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Little Foods of the Mediterranean: 500 Fabulous Recipes for Antipasti, Tapas, Hors D'Oeuvre, Meze, and More (Non) Paperback – September 26, 2003

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Editorial Reviews

From Publishers Weekly

Wright continues his exploration of the Mediterranean region (after Mediterranean Vegetables and A Mediterranean Feast) with this investigation of tapas, antipasti, meze and whatever else one might call small dishes that start a meal. The recipes-and there are a generous 500 included-are uniformly excellent, but sometimes Wright's commitment to authenticity leads to too much exotica (Curried Cucumber and Lamb Tongue Skewers, Vols-au-Vent Stuffed with Veal Sweetbreads and Black Truffles), with too little space dedicated to clever but more accessible tidbits such as Spinach with Garlic Yogurt on Fried Arabic Bread and Rolled Yogurt Balls. Numerous recipes, such as Tunisian Lamb, Brain, and Fried Potato Frittata with Cheeses and Baby Octopus in Piquant Sauce call for hard-to-locate ingredients. Chapters are organized by type of dish, with two chapters dedicated to fried foods: the one on fried turnovers opens with four recipes for briks (North African pastries). Another chapter on cheese-based foods (despite Wright's earlier insistence that cheese "is too rich and heavy" to make a good starter) includes Taleggio Cheese and Buckwheat Flour Fritters from Lombardy. Although Wright provides copious information in headnotes and sidebars, there is one integral thing lacking. A long list of menus for parties of various types and an introduction that details the history of eating small dishes before a larger meal are helpful, but there is no indication of how to figure portion sizes when serving items such as Pizza Margherita, Stockfish, Fava Bean, and Potato Stew from Liguria and Polenta with Porcini Mushrooms as entrees.
Copyright 2003 Reed Business Information, Inc. --This text refers to an out of print or unavailable edition of this title.

About the Author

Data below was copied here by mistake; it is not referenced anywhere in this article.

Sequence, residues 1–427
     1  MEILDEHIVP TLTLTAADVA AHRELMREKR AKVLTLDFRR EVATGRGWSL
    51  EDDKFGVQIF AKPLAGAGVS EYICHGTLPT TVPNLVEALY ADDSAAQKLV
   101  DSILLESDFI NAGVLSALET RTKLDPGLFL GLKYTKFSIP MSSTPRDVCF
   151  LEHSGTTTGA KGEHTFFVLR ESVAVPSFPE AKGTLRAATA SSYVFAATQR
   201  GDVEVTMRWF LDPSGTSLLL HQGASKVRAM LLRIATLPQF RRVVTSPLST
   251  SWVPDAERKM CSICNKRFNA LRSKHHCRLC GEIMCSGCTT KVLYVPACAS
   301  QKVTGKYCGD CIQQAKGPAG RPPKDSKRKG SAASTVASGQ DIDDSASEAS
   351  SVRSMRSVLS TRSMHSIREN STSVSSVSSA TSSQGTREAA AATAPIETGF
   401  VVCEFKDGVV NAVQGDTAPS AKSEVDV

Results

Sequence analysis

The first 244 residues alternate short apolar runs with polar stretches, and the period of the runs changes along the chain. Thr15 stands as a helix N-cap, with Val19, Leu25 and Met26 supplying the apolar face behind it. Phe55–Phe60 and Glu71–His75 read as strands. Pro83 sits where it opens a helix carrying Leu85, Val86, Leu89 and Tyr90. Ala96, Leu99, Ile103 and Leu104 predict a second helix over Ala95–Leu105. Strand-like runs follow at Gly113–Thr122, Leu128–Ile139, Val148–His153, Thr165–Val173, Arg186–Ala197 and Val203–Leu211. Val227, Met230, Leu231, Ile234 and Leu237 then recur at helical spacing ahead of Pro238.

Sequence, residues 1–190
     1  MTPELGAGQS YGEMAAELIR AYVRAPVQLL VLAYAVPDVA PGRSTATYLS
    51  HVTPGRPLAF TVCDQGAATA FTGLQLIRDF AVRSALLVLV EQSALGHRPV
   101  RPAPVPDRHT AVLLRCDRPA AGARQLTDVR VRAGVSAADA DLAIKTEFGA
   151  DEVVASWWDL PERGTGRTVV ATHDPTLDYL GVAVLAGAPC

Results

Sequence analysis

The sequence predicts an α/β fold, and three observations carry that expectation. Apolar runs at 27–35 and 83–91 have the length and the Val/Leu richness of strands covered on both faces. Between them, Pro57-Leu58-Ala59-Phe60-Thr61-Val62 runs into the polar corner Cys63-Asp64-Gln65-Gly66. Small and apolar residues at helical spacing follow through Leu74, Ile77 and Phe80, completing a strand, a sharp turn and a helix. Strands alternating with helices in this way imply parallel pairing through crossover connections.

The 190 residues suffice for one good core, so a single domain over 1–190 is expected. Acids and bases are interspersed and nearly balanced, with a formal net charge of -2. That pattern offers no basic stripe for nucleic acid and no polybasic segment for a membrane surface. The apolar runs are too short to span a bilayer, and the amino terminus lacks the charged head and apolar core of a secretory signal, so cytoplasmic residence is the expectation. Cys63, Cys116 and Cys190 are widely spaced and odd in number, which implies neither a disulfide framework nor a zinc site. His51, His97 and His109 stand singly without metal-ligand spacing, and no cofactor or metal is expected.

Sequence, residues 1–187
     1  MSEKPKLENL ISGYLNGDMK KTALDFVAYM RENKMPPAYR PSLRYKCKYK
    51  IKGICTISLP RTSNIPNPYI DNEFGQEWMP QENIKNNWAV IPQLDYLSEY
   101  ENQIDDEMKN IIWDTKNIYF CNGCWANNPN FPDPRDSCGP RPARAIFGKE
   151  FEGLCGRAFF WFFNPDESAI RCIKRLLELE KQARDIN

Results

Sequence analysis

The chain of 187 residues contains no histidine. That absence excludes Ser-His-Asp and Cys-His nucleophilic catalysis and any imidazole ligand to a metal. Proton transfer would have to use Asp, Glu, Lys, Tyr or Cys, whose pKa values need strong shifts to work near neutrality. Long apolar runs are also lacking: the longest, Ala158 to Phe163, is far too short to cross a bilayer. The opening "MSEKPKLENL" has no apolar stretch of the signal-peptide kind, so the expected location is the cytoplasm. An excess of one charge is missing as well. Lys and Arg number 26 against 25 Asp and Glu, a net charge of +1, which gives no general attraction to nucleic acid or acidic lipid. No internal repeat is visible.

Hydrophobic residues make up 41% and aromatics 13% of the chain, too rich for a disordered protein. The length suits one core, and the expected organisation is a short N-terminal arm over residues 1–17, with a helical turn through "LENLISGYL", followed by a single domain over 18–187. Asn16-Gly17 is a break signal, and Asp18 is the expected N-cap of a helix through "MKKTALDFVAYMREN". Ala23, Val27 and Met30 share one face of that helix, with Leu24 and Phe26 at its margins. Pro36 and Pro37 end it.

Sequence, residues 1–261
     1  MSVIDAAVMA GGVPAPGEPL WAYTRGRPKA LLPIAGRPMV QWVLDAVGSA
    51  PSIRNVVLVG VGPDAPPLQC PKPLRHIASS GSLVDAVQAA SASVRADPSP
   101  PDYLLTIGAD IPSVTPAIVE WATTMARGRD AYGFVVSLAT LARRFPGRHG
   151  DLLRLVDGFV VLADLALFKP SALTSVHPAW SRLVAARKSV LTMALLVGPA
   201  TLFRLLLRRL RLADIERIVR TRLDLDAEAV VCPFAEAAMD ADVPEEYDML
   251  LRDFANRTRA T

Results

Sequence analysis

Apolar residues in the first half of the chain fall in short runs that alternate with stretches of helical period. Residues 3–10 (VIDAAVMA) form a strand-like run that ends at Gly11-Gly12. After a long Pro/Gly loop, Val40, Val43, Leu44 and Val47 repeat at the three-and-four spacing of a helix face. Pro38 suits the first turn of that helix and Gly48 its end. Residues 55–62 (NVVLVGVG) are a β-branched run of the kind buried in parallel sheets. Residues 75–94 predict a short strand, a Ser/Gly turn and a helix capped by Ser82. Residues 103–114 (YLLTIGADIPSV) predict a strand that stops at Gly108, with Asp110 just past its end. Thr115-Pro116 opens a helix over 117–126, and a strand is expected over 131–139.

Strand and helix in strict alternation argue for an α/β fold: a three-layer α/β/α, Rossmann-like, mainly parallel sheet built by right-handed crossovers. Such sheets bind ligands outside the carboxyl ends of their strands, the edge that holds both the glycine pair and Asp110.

Clifford A. Wright won the James Beard/KitchenAid Cookbook of the Year award and the James Beard Award for the Best Writing on Food in 2000 for A Mediterranean Feast (William Morrow), which was also a finalist for the International Association of Culinary Professionals (IACP) Cookbook of the Year award that same year. He is the author of fourteen books, twelve of which are cookbooks. Wright's articles on food and cuisine have appeared in Gourmet, Bon Appétit, Food & Wine, Saveur, and other magazines. He is a contributing editor to ZesterDaily.com. As an independent researcher, Wright wrote the food entries for Columbia University's Encyclopedia of the Modern Middle East and has published scholarly articles on food in peer-reviewed journals such as Al-Masaq: Islam and the Medieval Mediterranean, Food and Foodways, and Gastronomica. Wright has also lectured on food at the Center for European Studies at Harvard University, Boston University, Georgetown University, Davidson College in North Carolina, Loyola Marymount University, South Dakota State University, University of California at Santa Barbara, and the Culinary Institute of America, among other institutions. As a cooking teacher, he has taught cooking classes at the Central Market cooking schools in Texas, the Rhode Island School of Design, Institute for Culinary Education in New York, Sur la Table, and other cooking schools around the United States. His website www.CliffordAWright.com is one of the most-visited sites for people interested in Mediterranean foods. In 2009 he launched the Venice Cooking School (www.VeniceCookingSchool.com) with Martha Rose Shulman in Los Angeles, California. He lives in Santa Monica, California.